By Stephenie Meyer
Read by Kate Reading
I just don’t get the whole thing about Stephenie Meyer. I don’t understand why so many people look down on her as being a poor writer. I don’t understand why so many are just totally enamored with her and her books. I like her. I think she can tell a great story, even if she gets fixated on particular words and expressions and repeats it throughout her books and drives me batty with it. I like her for what she is; a good, quick, practically thoughtless read.
That said; The Host is probably my favorite over the Twilight series. Don’t get me wrong, I liked Twilight well enough, and I liked the other two okay, but The Host, especially after listening to it on audio, is my clear favorite. First, let me tell you a bit about The Host, just in case you are the last person in the book blogging world to have not read it.
Our planet has been invaded, rather like Invasion of the Body Snatchers, but a peaceful race of parasites. Which is rather oxymoron-ic, but anyway, they are peaceful amongst themselves and in their minds, they have bettered our planet by taking over the evil, warring, terrible humans. One such human however, Melanie Stryder, refuses to go down without a fight. Wanderer, the “Soul” who has been inserted into Melanie’s body, knew the challenges that would come from taking over a human host, but she had no idea what she was getting into (no pun intended!) when she woke up in Melanie’s body.
Melanie was still there. And she refuses to give up control of her mind.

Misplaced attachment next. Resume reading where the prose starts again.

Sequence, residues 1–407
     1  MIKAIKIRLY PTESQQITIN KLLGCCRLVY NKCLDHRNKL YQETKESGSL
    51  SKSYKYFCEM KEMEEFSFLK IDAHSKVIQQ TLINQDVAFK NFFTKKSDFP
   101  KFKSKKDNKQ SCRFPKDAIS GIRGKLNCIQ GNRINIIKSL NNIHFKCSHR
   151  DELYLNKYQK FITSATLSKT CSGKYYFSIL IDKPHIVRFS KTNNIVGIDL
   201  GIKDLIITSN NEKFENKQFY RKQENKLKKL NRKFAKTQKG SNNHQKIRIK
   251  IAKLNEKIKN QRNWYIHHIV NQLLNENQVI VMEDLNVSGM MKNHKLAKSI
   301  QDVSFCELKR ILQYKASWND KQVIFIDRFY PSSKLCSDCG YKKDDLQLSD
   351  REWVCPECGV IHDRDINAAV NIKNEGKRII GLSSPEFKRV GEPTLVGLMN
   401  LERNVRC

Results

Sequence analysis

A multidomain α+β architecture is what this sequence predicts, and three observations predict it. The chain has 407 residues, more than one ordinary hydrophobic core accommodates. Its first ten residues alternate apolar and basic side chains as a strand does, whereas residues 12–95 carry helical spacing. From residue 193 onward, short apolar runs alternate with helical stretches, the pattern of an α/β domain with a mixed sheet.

As Wanderer falls deeper and deeper into Melanie’s memories and thoughts, she finds she cannot separate herself from that life anymore. Melanie’s assault has an unintended effect; Wanderer and Melanie now love the same man. Outside forces combine to make Wanderer and Melanie unlikely allies and they set off to find the man they both love.
The Host is marketed as Meyer’s first adult book. I don’t find it all that different from the Twilight series in language, scope, situations or anything else – I think it’s probably just a ploy to get adults to read her too. As for the audio edition, which I am reviewing here, I can’t recommend it enough. Kate Reading was already one of my favorite readers, but this put her up near the very tip top with Davina Porter. She has a warmth and tenderness to her voice that gives Wanderer much needed…well…humanity. And when you read it, you’ll see why that is a plus.
One of my frequent problems with Meyer is her messages, her morals, and her attitudes toward gender differences. Sometimes I feel like she’s, well, shoving her ideas down the reader’s throats. At times she seems very antiquated in her treatment of relationships, particularly those between men and woman. However, The woman can write a very absorbing story, so it’s hard to stay very annoyed with her.
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If you have listened to this book, let me know in the comments and I will link to you here.